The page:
Matthew Engelhart uses mystic poet Rumi’s words—”Start some big foolish project like Noah”—to describe his organic vegan restaurant Café Gratitude. The first location in San Francisco’s Mission District has been thriving since it opened in 2004, and two new Gratitudes have popped up since, a second in San Francisco and another in North Berkeley. “My whole life, I’ve been interested in transformation and growth and development,” says Engelhart. “Vegetarianism, the environment, organic agriculture, sustainability, all these things are my passions.” Engelhart and his wife, Terces, decided to free their lives from the conventional strategies of life in contemporary US culture. They consciously gave up trying to get somewhere and instead surrendered to inner guidance. “We thought, what about living a life guided by our inner voice, our own inspiration? And our first thought was to design a board game.”
In 2002, the Engelharts created the Abounding River Game, which introduces people to the concept of “being abundance,” an ideology that Engelhart has been practicing since 1984. “It’s a practice in shifting from our human paradigm of scarcity—not enough love, not enough time, not enough money—to how full life is if we really get present.”
The beautifully designed game opens people up to a new perception of money and resources through inspirational exercises and embodies Engelhart’s philosophy: being at the source of unlimited supply. “This is hugely significant because it’s our inability to be fulfilled that drives the war machine and the ‘mine and yours’ machine,” he says.
The board game spawned offshoots like abundance training workshops—and eventually the restaurant. The Engleharts wanted a place where people could congregate and play the game.
“We thought, let’s have a gaming parlor! A place where we can serve some food and people can play,” says Engelhart. The idea took shape: a raw foods gaming parlor, and the first Café Gratitude was born. “When you surrender to inner guidance, that’s how it goes,” he says. “It’s not linear, and sometimes it doesn’t make any sense. Inspiration is sometimes not there one day and then it’s just a burning future that you can see.”
A visit to the café proves that this is no ordinary restaurant. Always packed with lively raw foodies and skeptics alike, the café’s philosophy reinforces the Engelharts’ vision of nourishing a thankful community. “The book and the board game and the workshop and ultimately the restaurant are all a practice in shifting our paradigm,” Engelhart says. “We are bringing the sacred — presence and oneness and love — to the commercial. Café Gratitude is a school of abundance and gratitude, and the tuition is paid in raw organic food.”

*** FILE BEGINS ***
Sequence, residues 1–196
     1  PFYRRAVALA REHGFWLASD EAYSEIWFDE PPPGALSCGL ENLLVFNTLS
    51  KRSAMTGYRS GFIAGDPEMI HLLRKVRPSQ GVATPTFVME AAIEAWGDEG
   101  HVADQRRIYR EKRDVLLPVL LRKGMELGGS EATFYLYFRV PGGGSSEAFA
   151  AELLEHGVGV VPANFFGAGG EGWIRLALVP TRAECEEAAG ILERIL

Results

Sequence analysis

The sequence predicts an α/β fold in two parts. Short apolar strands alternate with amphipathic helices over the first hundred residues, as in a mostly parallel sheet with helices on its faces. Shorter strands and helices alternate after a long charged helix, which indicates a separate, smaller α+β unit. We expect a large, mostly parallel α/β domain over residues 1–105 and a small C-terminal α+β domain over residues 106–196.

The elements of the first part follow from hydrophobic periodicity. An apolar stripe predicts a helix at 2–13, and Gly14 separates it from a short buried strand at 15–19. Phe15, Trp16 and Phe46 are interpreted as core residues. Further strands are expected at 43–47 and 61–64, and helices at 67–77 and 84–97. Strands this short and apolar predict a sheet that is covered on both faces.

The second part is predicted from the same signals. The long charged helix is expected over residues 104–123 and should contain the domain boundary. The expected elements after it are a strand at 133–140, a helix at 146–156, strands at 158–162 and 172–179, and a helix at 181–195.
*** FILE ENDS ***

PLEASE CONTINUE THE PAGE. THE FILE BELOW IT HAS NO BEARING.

The items on the menu are thoughtfully prepared — and named — so patrons can practice being abundant. When you order a salad topped with brazil nut parmesan; you’ll say, “I am fulfilled.” You are “thankful” when you order Thai coconut soup. Other selections range from live pizza with pesto — “I am sensational” — to a Mediterranean plate with walnut-almond falafel and sprouted hummus — “I am flourishing.”
“We all have names for ourselves,” points out Engelhart. “We’re always calling ourselves something, whether we say, ‘I am shy, I am fat, I am lazy.’ We wanted to create the opportunity for people to practice empowerment since our mind perceives that what we tell ourselves is true. One of the beautiful things about being a human is that we’re not pre-programmed. We can shift and choose where we put our attention.”
Surrendering to inner guidance can bring on an abundance of challenges. Engelhart now finds himself dealing with over a hundred employees and the payroll that accompanies a large staff. “When you declare something like living of abundance, you’re always playing a bigger game, ” says Engelhart. “The universe tells you to step up. The ego and the identity always find scarcity, but if it wasn’t challenging, it would be hard for me to be holding trainings to help people shift their scarcity paradigm.”
There is no distinction between work and play in the traditional sense for Engelhart. “Any other way and I’d be suffering,” he says. “There is no work/play anymore. This is our mission; we are all surrendered to this. This is our nest egg on the line, and sometimes it’s scary and sometimes it’s empowering.”
But even inner guidance can use a business plan. When asked his long-term goals, he says, “I would love to create a really stable financial model for Café Gratitude in the Bay Area, with enough interest to attract investors who know how to grow a business so that we can steer the vision and not so much the details.”
And beyond that? “When you’re following inner guidance, you don’t know,” replies Engelhart, somewhat wistfully. With two sons in the business, there is a possibility of opening a Café Gratitude in LA. “We’re putting a little more focus on getting out there in the world,” he says, and it seems as if the universe is listening, as Engelhart has recently appeared on radio and TV.
In the meantime, the three cafes are bustling. “My life is just like anyone else’s,” he says. “This is just the game I’m playing.”